Those who enjoy Lamott’s consistently self-deprecating humor, vulnerability, and occasional nuggets of positivity will enjoy...

Another distillation of the author’s life philosophy.

As a gift to her grandson and niece, novelist and nonfiction writer Lamott (Hallelujah Anyway: Rediscovering Mercy, 2017, etc.) sets out to record “everything I know about almost everything.” The result is an obsessively inward-focusing hodgepodge of life stories, advice, and ramblings. Though hope is the author’s tagline and even the title of her concluding chapter, readers find her struggling through virtually every life event, buried in anxieties. Lamott explains early on that she was struck to hear a child say the words, “I has [sic] value.” She realized that it “would have completely changed my life had I heard and internalized [that idea] as a child.” The incident serves to clarify the author’s central struggle: a lifelong search for self-value. Her writing cries out for an internal peace she cannot find. In a chapter on family, she focuses mainly on conflict with her uncle, whom she once called “a scumbutt” in a moment of anger, which affected her for decades. In a chapter on God, which the author defines in a number of nebulous ways, she focuses on an atheist friend who committed suicide. Another chapter is centered entirely around dieting and body image, revealing another self-esteem pitfall, and Lamott devotes an entire chapter to her unabashed hatred of Donald Trump—though she refuses to use his name, as if she were discussing Voldemort. The author’s view of life is often depressing; she refers to it as “this sometimes grotesque amusement park,” and she answers the question, “how did we all get so screwed up?” with, “life just damages people. There is no way around this. Not all the glitter and concealer in the world can cover it up.”

Those who enjoy Lamott’s consistently self-deprecating humor, vulnerability, and occasional nuggets of positivity will enjoy her latest; others will be adrift.

Pub Date: Oct. 16, 2018

ISBN: 978-0-525-53744-1

Page Count: 208

Publisher: Riverhead

Review Posted Online: June 26, 2018

Kirkus Reviews Issue: July 15, 2018



This a book of earlier, philosophical essays concerned with the essential "absurdity" of life and the concept that- to overcome the strong tendency to suicide in every thoughtful man-one must accept life on its own terms with its values of revolt, liberty and passion. A dreary thesis- derived from and distorting the beliefs of the founders of existentialism, Jaspers, Heldegger and Kierkegaard, etc., the point of view seems peculiarly outmoded. It is based on the experience of war and the resistance, liberally laced with Andre Gide's excessive intellectualism. The younger existentialists such as Sartre and Camus, with their gift for the terse novel or intense drama, seem to have omitted from their philosophy all the deep religiosity which permeates the work of the great existentialist thinkers. This contributes to a basic lack of vitality in themselves, in these essays, and ten years after the war Camus seems unaware that the life force has healed old wounds... Largely for avant garde aesthetes and his special coterie.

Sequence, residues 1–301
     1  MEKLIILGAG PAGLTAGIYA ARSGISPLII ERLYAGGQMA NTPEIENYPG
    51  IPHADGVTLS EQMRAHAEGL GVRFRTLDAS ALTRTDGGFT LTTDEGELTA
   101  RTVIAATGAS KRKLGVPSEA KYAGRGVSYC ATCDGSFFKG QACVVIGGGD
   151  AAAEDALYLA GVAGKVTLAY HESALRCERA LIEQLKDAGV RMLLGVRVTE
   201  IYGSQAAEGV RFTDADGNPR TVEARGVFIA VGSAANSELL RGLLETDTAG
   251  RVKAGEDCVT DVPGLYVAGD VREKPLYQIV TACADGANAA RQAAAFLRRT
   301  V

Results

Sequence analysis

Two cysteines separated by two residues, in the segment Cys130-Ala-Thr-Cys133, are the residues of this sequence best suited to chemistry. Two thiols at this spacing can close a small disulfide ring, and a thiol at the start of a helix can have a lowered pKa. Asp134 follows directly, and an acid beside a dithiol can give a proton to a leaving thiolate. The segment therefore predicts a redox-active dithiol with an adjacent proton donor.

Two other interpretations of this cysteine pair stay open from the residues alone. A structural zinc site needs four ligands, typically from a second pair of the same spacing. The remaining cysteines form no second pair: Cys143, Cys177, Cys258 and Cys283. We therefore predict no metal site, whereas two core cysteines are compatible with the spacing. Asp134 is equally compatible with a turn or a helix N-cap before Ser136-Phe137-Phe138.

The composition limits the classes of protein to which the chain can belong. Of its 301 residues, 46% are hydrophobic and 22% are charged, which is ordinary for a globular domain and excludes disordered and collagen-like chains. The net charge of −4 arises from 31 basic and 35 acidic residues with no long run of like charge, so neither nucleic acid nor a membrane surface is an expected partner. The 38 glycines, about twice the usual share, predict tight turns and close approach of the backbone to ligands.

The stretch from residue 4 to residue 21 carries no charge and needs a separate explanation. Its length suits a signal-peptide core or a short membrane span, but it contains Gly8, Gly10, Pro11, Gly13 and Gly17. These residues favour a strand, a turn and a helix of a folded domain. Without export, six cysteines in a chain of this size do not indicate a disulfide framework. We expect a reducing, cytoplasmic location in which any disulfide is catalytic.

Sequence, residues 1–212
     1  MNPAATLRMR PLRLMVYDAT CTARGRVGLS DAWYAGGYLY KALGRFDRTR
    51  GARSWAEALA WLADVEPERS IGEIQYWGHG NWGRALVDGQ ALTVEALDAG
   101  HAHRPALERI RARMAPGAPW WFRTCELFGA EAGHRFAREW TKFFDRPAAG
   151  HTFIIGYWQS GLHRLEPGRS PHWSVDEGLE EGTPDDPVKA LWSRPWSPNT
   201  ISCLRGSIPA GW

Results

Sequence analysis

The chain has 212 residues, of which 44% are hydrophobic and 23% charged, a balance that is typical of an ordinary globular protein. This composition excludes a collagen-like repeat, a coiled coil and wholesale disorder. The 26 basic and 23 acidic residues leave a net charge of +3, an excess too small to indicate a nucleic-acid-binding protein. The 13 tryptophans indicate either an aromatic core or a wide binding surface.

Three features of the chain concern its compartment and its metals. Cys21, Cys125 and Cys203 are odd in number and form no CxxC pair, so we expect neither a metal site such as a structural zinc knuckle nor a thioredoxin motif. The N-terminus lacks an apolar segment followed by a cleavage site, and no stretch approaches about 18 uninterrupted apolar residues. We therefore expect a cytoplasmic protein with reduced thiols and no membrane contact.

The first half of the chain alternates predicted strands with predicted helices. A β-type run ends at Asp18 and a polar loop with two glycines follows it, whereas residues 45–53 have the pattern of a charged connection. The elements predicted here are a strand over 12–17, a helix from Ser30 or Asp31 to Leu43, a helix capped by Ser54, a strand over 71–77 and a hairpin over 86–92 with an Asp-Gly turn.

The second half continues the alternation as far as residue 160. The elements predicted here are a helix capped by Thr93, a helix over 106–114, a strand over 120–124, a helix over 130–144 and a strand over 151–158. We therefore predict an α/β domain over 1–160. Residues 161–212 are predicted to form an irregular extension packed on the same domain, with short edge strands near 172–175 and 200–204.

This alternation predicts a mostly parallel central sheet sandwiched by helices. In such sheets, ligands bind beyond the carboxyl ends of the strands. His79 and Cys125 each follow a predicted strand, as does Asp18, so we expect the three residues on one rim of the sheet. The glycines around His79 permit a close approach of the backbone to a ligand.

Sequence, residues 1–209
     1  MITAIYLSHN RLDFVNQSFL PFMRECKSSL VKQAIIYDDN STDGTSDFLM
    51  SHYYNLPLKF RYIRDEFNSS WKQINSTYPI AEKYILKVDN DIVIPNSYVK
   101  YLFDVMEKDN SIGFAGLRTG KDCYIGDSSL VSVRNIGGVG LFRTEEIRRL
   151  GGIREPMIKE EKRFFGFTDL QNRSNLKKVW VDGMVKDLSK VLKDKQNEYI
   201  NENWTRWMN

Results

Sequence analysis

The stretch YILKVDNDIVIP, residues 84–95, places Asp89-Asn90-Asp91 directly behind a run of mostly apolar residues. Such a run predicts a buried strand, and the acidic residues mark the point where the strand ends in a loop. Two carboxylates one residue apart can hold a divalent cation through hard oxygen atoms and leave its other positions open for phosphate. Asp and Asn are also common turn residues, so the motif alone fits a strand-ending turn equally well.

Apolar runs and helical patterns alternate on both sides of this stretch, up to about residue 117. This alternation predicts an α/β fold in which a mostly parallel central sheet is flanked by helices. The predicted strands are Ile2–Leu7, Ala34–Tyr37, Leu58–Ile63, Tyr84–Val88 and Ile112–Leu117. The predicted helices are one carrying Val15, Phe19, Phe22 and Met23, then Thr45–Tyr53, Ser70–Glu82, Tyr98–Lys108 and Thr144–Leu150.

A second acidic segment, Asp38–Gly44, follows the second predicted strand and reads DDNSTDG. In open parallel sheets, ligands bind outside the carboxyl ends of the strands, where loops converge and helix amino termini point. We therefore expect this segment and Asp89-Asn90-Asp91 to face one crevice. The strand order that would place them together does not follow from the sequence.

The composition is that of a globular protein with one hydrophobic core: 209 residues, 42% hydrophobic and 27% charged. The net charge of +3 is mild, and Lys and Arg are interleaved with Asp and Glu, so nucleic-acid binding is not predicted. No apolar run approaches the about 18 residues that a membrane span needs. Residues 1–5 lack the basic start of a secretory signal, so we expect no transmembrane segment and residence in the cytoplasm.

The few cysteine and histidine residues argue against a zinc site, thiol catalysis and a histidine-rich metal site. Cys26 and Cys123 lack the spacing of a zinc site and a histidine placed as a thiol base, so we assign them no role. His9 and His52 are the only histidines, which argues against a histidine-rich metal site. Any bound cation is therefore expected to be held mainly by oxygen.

Pub Date: Sept. 26, 1955

ISBN: 0679733736

Page Count: 228

Publisher: Knopf

Review Posted Online: Sept. 19, 2011

Kirkus Reviews Issue: Sept. 1, 1955


A very welcome instance of philosophy that can help readers live a good life.

A teacher and scholar of Buddhism offers a formally varied account of the available rewards of solitude.

“As Mother Ayahuasca takes me in her arms, I realize that last night I vomited up my attachment to Buddhism. In passing out, I died. In coming to, I was, so to speak, reborn. I no longer have to fight these battles, I repeat to myself. I am no longer a combatant in the dharma wars. It feels as if the course of my life has shifted onto another vector, like a train shunted off its familiar track onto a new trajectory.” Readers of Batchelor’s previous books (Secular Buddhism: Imagining the Dharma in an Uncertain World, 2017, etc.) will recognize in this passage the culmination of his decadeslong shift away from the religious commitments of Buddhism toward an ecumenical and homegrown philosophy of life. Writing in a variety of modes—memoir, history, collage, essay, biography, and meditation instruction—the author doesn’t argue for his approach to solitude as much as offer it for contemplation. Essentially, Batchelor implies that if you read what Buddha said here and what Montaigne said there, and if you consider something the author has noticed, and if you reflect on your own experience, you have the possibility to improve the quality of your life. For introspective readers, it’s easy to hear in this approach a direct response to Pascal’s claim that “all of humanity's problems stem from man's inability to sit quietly in a room alone.” Batchelor wants to relieve us of this inability by offering his example of how to do just that. “Solitude is an art. Mental training is needed to refine and stabilize it,” he writes. “When you practice solitude, you dedicate yourself to the care of the soul.” Whatever a soul is, the author goes a long way toward soothing it.

A very welcome instance of philosophy that can help readers live a good life.

Pub Date: Feb. 18, 2020

ISBN: 978-0-300-25093-0

Page Count: 200

Publisher: Yale Univ.

Review Posted Online: Nov. 24, 2019

Kirkus Reviews Issue: Dec. 15, 2019

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